The cornflakes in this recipe reminds me of the cornflake cookies that are a popular snack for Chinese New Year here in Singapore and Malaysia. Have a look at sample recipes from some Malaysian food bloggers here, here and here. However, with the cocoa, coconut, chocolate icing and walnuts and almonds, this recipe is definitely quite a different type of cookie.
It’s not stated what form of coconut is required, but as this looks like an American recipe (use of the word ‘cookie’ rather than ‘biscuit’), I assume it refers to dessicated coconut, which is the main form of coconut used in western cooking.
This is another recipe that uses a commercial packaged food as one of the ingredients – Kellogg’s cornflakes. With Kellogg’s cereals today largely being heavily sweetened, highly-processed and not-very-healthy foods aimed at kids, I was most surprised to discover that Kellogg’s cornflakes started out as a vegan health food for the patients at the Battle Creek Sanitarium in Michigan, USA, run by Dr John Harvey Kellogg.
The John Kellogg story is a bizarre and fascinating one involving conflicts with Seventh Day Adventists leaders, anti-sex and anti-masturbation campaigns (cornflakes was part of the cure for over-sexed youths!), as well as the racial segregation and eugenics movements! No wonder his life inspired the novel and film, The Road to Wellville! Now that’s another story :) …..
The origins of dry breakfast cereals was rooted in health concerns, beginning in 1863, when James Caleb Jackson, operator of the Jackson Sanitarium in Danville, New York, invented a bran nugget cereal called granula. This was Jackson’s antidote to lack of fibre in the average the dairy and meat-heavy American breakfast at the time.
Other commercial cereals followed with Dr John Kellogg and his brother, Will, inventing granola (1877) and cornflakes (1894), and one of John Kellogg’s sanitarium patients, Charles William Post, came up with grapenuts (1897). The Washburn Crosby Company (part of General Mills from 1928), the company behind Gold Medal flour and Betty Crocker, began producing its first ready-to-eat cereal, Wheaties, in 1924. We can still see these names on supermarket shelves today in cereal brands and names.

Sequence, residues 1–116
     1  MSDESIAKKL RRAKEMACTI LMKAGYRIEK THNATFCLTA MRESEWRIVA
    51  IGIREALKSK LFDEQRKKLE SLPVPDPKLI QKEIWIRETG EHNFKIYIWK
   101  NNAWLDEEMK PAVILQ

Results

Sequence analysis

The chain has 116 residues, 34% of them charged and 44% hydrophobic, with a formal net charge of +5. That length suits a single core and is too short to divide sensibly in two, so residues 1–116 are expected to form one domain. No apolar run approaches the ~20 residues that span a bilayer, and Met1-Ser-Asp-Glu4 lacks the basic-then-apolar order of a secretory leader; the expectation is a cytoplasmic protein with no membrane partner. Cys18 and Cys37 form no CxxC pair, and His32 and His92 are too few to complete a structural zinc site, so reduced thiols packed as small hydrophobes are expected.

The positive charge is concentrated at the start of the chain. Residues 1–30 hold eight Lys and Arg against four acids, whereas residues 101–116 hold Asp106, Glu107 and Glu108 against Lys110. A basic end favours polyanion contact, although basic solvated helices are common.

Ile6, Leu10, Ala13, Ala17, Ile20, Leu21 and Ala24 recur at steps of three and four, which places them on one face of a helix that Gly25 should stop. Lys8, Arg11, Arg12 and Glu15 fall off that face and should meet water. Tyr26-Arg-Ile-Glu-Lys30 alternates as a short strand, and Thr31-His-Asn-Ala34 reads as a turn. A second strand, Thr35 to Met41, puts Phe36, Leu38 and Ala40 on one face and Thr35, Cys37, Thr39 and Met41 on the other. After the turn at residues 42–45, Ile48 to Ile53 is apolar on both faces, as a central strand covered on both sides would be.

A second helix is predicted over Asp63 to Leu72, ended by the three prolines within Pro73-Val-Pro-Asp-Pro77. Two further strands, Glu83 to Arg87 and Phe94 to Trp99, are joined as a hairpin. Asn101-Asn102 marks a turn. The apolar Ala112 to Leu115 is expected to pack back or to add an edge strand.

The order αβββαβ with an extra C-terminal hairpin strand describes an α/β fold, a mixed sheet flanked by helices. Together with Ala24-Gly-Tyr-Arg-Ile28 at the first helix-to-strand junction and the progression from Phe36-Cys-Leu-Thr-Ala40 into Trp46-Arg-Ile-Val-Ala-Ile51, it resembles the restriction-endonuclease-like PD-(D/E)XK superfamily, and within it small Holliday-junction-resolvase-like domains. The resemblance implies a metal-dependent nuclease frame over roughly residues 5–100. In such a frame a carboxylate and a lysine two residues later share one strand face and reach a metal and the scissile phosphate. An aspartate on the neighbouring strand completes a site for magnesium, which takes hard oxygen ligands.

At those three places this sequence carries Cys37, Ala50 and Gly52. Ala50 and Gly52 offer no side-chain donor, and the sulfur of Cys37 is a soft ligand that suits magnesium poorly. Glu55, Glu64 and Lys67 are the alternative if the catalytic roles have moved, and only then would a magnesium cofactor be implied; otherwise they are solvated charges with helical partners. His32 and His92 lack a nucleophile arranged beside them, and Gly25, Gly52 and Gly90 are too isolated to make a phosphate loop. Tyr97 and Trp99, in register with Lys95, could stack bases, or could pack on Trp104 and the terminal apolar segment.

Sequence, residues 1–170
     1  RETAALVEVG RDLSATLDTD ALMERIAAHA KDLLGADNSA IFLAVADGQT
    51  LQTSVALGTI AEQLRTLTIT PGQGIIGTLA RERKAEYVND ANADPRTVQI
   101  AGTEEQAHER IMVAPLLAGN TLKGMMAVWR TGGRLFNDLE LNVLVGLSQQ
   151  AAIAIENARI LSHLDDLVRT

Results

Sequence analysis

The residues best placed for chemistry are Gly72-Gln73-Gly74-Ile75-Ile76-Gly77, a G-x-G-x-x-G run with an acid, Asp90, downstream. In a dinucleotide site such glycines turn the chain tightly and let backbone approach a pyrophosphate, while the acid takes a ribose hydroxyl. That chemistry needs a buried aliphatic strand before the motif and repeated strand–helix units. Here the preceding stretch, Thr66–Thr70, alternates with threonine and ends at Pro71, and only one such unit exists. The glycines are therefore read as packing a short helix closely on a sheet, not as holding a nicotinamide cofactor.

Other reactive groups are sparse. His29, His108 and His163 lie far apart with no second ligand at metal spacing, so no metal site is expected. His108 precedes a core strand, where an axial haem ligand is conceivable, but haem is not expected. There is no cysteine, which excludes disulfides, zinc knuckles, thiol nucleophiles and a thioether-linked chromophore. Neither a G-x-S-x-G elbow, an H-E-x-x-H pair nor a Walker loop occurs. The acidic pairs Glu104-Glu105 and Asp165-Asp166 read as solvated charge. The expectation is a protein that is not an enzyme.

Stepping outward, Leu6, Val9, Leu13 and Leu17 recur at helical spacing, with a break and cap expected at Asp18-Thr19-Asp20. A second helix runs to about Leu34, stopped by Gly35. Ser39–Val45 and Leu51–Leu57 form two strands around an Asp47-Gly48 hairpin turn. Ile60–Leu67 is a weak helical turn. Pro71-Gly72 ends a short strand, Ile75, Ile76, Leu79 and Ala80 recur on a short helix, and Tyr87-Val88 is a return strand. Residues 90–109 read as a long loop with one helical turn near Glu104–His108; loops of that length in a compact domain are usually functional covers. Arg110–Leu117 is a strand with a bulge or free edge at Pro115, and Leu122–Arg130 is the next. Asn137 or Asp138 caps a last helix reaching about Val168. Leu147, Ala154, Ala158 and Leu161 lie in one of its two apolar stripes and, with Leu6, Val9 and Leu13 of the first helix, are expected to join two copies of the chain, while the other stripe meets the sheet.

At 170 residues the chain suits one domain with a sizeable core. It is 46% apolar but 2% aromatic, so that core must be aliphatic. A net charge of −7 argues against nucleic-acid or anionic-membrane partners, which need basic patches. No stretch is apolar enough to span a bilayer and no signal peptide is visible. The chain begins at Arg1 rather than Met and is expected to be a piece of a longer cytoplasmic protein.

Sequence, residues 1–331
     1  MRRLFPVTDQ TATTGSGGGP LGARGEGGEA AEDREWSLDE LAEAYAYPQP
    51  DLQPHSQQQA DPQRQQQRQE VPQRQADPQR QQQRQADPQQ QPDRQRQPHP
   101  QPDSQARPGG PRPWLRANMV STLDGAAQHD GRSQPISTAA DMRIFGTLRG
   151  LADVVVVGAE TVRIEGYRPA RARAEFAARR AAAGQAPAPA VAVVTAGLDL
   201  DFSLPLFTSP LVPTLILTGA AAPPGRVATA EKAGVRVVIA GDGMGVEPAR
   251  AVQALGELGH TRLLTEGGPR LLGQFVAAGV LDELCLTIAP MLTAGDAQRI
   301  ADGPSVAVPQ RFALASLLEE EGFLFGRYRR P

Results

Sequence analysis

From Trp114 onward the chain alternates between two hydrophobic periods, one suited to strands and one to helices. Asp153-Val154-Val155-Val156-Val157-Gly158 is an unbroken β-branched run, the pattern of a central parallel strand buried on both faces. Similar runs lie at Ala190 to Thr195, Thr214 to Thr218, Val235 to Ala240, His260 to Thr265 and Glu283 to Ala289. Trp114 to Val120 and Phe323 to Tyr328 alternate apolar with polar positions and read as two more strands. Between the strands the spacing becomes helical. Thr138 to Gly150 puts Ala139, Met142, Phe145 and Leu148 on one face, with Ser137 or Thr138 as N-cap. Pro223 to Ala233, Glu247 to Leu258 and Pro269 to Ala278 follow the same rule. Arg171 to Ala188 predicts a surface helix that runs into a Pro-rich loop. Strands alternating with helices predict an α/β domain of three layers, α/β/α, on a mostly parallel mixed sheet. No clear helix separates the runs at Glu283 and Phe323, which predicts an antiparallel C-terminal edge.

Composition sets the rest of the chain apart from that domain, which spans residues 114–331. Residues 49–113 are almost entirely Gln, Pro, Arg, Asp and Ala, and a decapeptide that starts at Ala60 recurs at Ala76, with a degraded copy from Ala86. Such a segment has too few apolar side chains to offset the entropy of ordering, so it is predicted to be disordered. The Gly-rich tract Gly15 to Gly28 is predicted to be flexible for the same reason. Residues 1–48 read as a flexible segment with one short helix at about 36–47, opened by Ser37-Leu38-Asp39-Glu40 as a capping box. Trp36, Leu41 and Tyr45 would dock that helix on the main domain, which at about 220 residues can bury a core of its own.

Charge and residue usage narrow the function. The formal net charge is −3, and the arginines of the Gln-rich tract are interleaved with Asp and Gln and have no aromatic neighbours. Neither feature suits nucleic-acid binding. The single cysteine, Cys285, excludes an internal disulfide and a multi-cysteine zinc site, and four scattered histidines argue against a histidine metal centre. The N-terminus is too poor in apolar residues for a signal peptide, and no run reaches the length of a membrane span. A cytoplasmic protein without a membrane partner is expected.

I’ll need to read up more on this but it appears that the turning point in breakfast cereals’ development from unpalatable health food to everyday sugary treat was in the 1950s, when industrialised production and sophisticated marketing became more intensive. Sweetened cornflakes, known as Sugar Frosted Flakes or Frosties, were first produced in 1952, with Tony the Tiger as the colourful mascot.
Check out the present-day cornflakes manufacturing process here. Sugar and another sweetener, high fructose corn syrup, as well as the synthetic antioxidant, BHT (E321) – used as a preservative and which can cause reactions in some people, all feature on the list of ingredients.
The best book on the subject appears to be Cerealizing America: The Unsweetened Story of American Breakfast Cereal by Scott Bruce and Bill Crawford. I haven’t seen the book myself, but like most food history books, it’s a popular publication with no footnotes. Read a brief review and an excerpt about television marketing of cereals.